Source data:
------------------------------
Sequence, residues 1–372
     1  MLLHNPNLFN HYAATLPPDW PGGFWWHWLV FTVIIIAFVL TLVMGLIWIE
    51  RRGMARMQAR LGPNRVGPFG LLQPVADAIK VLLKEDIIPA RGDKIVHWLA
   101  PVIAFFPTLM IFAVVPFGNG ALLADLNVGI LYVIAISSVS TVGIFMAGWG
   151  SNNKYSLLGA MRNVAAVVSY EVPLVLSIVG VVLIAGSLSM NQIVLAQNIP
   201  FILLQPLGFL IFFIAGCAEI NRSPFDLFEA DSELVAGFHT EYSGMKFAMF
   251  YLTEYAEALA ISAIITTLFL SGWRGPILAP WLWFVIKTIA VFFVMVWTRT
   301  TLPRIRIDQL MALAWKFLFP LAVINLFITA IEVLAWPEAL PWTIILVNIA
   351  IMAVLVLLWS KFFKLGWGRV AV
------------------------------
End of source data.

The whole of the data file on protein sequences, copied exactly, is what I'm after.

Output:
Sequence, residues 1–372
     1  MLLHNPNLFN HYAATLPPDW PGGFWWHWLV FTVIIIAFVL TLVMGLIWIE
    51  RRGMARMQAR LGPNRVGPFG LLQPVADAIK VLLKEDIIPA RGDKIVHWLA
   101  PVIAFFPTLM IFAVVPFGNG ALLADLNVGI LYVIAISSVS TVGIFMAGWG
   151  SNNKYSLLGA MRNVAAVVSY EVPLVLSIVG VVLIAGSLSM NQIVLAQNIP
   201  FILLQPLGFL IFFIAGCAEI NRSPFDLFEA DSELVAGFHT EYSGMKFAMF
   251  YLTEYAEALA ISAIITTLFL SGWRGPILAP WLWFVIKTIA VFFVMVWTRT
   301  TLPRIRIDQL MALAWKFLFP LAVINLFITA IEVLAWPEAL PWTIILVNIA
   351  IMAVLVLLWS KFFKLGWGRV AV